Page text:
CZERWONO-CZARNI, Sweet Little Sixteen, 1961

Czerwono-Czarni are one of my favorite polish beat groups. They might not have been the wildest but they put out a lot of great records in the 60´s.

They backed many pop singers in the 60´s too, among them Karin Stanek:

On this first EP of the “Red and Blacks” they´re dishing out some cover versions of Chuck Berry´s Sweet Little Sixteen, Cliff Richard´s Apron Strings, Tommy Steele´s Elevator Rock and Bill Haley´s When The Saints Go Rock´n´Roll.

Unlike on their later releases Janusz Godlewski (Sweet Little Sixteen, Apron Strings) and Marek Tarnowski ( Elevator Rock, When The Saints) are singing in English here. Or at least it sounds like English.

It doesn´t really matter because they´re rockin´their polish souls out…

CZERWONO-CZARNI, Sweet Little Sixteen, 1961

CZERWONO-CZARNI, Apron Strings, 1961

CZERWONO-CZARNI, Elevator Rock, 1961

CZERWONO-CZARNI, When the Saints Go Rock´n´Roll, 1961

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ZDENKA VUCKOVIC, Sretne Ruke

“Crveni Koralji”, the “Red Corals” backed many pop singers and developed into a popular beat group. “Sretne Ruke” is a cover version of Cliff Richard`s “Lucky Lips”.

ZDENKA VUCKOVIC, Sretne Ruke

ZDENKA VUCKOVIC, Gle, Tko Je To


GÜNTER TESCH, Meinst du wirklich?, 1970

Among incredibly strange records, outsider records or whatever you want to call them, religious records have a special place. First because they are not made for commercial reasons, they are the most “hardcore” independent releases. And second because very few of them are good. I buy these kind of records out of curiosity. If I don`t know an artist or label my interest is sparked and for 50 cents I can give a record a chance. Of course a lot of these records are “bad”. That´s why the serious collectors of any genre, who picked through everything before I did, left these records behind. Defining what is “good” or “bad” is a scientific question but the fact is, most religious records are dead boring.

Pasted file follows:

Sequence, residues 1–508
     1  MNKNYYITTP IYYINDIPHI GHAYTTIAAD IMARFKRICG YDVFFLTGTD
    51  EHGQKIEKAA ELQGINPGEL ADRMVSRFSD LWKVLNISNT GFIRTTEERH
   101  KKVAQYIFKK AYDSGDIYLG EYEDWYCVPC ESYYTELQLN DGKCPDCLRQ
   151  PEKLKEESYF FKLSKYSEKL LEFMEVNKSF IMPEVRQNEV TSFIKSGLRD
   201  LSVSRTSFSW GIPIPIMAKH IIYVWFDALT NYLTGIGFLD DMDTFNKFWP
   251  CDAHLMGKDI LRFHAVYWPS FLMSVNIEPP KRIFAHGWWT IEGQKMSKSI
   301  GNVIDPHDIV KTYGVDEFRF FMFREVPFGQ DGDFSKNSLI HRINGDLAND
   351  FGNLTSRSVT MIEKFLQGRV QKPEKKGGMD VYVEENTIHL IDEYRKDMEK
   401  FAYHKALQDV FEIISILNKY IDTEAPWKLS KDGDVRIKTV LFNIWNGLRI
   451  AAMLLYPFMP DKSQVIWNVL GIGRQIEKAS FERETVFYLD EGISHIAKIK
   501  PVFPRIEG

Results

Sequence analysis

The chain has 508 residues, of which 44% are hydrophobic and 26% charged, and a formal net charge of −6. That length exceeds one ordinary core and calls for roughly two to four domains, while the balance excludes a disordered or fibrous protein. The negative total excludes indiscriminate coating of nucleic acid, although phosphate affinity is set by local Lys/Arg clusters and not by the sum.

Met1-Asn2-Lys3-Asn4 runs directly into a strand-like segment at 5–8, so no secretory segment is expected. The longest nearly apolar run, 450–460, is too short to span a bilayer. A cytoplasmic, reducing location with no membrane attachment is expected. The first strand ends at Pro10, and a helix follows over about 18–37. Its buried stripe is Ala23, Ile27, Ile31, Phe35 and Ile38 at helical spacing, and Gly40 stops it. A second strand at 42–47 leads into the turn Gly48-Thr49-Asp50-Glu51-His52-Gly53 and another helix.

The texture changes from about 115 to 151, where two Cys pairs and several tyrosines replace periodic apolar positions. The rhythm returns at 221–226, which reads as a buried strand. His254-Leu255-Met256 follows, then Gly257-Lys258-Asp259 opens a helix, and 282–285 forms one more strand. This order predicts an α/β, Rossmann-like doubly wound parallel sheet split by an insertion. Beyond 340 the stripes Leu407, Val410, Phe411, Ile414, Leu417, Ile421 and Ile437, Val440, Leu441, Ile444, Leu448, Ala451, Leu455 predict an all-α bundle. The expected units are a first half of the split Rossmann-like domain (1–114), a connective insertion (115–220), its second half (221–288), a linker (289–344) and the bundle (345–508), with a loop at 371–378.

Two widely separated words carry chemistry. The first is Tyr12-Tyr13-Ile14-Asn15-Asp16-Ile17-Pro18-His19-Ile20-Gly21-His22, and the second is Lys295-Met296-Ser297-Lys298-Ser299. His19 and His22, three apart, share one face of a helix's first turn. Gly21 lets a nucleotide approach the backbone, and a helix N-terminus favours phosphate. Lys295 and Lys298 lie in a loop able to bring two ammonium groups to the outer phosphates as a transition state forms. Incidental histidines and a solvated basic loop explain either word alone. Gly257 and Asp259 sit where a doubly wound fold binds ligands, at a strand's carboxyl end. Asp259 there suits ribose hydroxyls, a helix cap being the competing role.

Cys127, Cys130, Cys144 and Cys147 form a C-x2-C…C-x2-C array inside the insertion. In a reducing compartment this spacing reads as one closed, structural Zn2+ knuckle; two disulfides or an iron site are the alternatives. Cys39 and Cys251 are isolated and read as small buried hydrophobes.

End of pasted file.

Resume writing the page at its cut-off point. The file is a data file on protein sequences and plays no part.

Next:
I picked up this record by Günter Tesch before I found his book “Hinter den Kulissen”(Behind the Scenes). On the record you can hear is some slight rocking backing the preaching, but nothing that reveals, that Tesch actually played in a Beat band before he started singing religious songs.

hinterdenkulissen.jpg

That´s basically the story of the book. He doesn´t say what his group was called ( I guess he played in the Tonics) but he describes the beat scene in Hamburg, the Reeperbahn, the Star Club and the Top Ten in the 60´s quite vividly.

Of course he focuses on the highlights: “Rhythm! Beat! Ecstasy! Colourful impressions of the world of the stage. Swinging and full of suspense. In the language of our times. Free of Illusions and realistic. Meeting celebrated idols, loose girls, tough guys and drug dealers. And then he meets Jesus Christ…”

In the end he sells his Beat outfit, cuts his hair short and destroys all of his records to be free for god. Following Cliff Richard and Little Richard this was a German rocker who converted to god. The result is rather tame but compared to the majority of German religious music of the time this was way ahead.

GÜNTER TESCH, Meinst du wirklich?, 1970